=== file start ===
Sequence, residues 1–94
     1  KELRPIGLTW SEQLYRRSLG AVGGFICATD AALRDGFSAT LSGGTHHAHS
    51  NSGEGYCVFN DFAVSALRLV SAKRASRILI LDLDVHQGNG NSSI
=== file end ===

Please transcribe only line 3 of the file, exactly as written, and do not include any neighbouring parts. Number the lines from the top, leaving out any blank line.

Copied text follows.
    51  NSGEGYCVFN DFAVSALRLV SAKRASRILI LDLDVHQGNG NSSI